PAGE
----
I had just started training for a half marathon when a friend brought up compression sleeves. She had been running longer than I had, so on most topics, I took her words for gospel. But compression sleeves? They sounded a little weird. She insisted that after getting some, she never had pain in her calves again.
I decided to give them a shot, and I’m so glad I did. They have been a great choice. While I don’t typically use my compression sleeves for short runs, they are the best thing since sliced bread for long runs, making long training runs that much more comfortable.
If you’ve been wondering about compression socks and sleeves, this article will tell you everything that you need to know. How they work, the benefits of wearing them, when to wear them, and some downsides.
What are Compression Socks?
As the name implies, compression socks provide compression to your feet. Many compression socks are knee-high, and also provide compression to calves and shins. Other options are ankle-length. Briefly, compression socks help to improve blood flow to your feet, ankles, and legs.
What are Compression Sleeves?
Compression sleeves are the top part of a knee-high sock. They cover from your ankle to your knee and provide compression to your calf and shin area. Like compression socks, they are tight around your ankle and looser up toward your knee.
Compression Socks versus Compression Sleeves
While they are similar, compression socks and compression sleeves bring different benefits. Socks will increase blood flow to your feet, ankles, calves, and legs.
Fortunately, there are a lot of options for compression socks out there, so you likely can find ones that will be best for you and match your aesthetic style.
If you prefer your other socks, though, compression sleeves are a good option. You can wear your favorite socks and still get increased blood flow to your calves and legs.
Additionally, compression socks are better at protecting your feet if they tend to swell, or if you travel a lot. You’ll experience more relief from shin splints if you opt for just sleeves.
How do Compression Socks and Sleeves Work?
Compression helps to circulate blood. In addition to runners and other athletes, pregnant women and senior citizens will sometimes wear compression garments to help avoid blood clotting. For runners, they will help lessen pain in your legs.
Because there is pressure on your legs, your blood vessels work better, allowing blood to flow more freely and making it easier for your muscles to relax, making for a more comfortable run.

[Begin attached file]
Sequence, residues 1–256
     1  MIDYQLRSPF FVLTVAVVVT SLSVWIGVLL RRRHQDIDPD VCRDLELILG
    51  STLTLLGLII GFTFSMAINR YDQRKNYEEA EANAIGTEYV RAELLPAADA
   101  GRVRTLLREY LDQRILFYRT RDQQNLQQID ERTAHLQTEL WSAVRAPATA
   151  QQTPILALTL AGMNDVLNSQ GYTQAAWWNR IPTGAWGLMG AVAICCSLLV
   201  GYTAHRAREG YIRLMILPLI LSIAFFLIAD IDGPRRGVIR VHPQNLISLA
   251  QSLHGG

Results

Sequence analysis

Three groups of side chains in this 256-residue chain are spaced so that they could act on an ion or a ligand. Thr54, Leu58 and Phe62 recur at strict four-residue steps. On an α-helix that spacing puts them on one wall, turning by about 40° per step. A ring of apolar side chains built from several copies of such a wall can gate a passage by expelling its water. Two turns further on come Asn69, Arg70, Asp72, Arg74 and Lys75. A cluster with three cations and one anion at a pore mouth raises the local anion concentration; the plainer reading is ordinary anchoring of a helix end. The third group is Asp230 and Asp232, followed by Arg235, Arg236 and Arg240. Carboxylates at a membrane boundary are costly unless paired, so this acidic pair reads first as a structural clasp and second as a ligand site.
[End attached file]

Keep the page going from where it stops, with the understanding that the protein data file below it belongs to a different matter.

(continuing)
Benefits of Compression Socks and Sleeves
There are a lot of benefits to compression socks and sleeves. I was even able to sell my mom on them after she mentioned pain in her legs after moving to a new house that had a harder floor.
Do You Have Increased Performance If You Wear Them?
The evidence is inconclusive, as studies reveal that wearing compression sleeves has little (if any) effect on your performance. Even so, some runners still believe that they give an edge.
What is more scientifically proven is that they can assist in a faster recovery (although this evidence is somewhat debated as well). The idea is that with better blood flow, muscles will have more oxygen and there won’t be as much tissue damage. With better circulation, the body will recover faster.
My friend and I talked about this and we both came to the conclusion that even if it was a placebo to wear them and feel better during running, it worked and that was all that mattered.
Other Reasons to Wear Them
Another reason I love my compression sleeves is that they provide extra warmth in the winter. When it’s really cold outside, I’ll put on my compression sleeves underneath my ankle-length leggings, and it makes it so much warmer.
Compression sleeves can also be great during other seasons. Especially with trail running, they help keep dirt and mud off your legs. Throw them in the washer on the gentle cycle and you don’t have to worry about scrubbing caked mud off your legs!
Some compression sleeves even include SPF in the fabric so that you can avoid sunburn if you burn really easily!
Should I Wear Them During or After a Run?
As I mentioned above, the evidence is more in favor of compression sleeves for recovery. Many runners put them on after a long race like a half marathon or a marathon in order to recover faster.